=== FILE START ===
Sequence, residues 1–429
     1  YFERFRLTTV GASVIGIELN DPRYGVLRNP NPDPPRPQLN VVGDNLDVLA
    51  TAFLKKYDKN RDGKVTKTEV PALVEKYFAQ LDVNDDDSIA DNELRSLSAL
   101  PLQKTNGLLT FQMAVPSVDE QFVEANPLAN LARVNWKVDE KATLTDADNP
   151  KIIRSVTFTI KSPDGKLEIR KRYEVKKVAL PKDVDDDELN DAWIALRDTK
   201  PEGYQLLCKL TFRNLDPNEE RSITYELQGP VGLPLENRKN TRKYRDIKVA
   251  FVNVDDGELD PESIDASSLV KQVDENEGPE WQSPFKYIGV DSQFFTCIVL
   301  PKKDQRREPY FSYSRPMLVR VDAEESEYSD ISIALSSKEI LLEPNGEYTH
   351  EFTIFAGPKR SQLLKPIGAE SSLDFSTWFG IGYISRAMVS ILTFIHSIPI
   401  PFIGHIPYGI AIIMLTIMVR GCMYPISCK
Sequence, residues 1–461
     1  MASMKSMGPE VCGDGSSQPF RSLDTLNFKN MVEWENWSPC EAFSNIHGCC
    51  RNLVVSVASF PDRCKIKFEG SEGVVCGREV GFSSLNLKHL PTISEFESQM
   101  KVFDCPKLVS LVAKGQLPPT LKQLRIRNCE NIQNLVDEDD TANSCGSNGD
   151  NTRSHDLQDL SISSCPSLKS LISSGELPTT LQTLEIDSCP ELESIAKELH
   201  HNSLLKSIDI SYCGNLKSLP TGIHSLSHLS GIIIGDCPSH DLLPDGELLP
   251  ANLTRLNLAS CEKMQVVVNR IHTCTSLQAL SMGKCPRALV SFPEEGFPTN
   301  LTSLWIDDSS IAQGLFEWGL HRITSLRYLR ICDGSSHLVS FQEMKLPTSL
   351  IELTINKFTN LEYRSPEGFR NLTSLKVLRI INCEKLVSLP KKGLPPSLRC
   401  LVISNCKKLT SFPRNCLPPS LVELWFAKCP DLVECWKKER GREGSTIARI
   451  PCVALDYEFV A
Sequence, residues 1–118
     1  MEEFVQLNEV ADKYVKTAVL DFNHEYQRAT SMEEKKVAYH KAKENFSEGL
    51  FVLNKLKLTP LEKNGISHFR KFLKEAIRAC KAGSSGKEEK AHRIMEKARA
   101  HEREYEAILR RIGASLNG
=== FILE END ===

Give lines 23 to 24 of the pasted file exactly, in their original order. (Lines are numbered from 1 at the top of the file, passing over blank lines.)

     1  MEEFVQLNEV ADKYVKTAVL DFNHEYQRAT SMEEKKVAYH KAKENFSEGL
    51  FVLNKLKLTP LEKNGISHFR KFLKEAIRAC KAGSSGKEEK AHRIMEKARA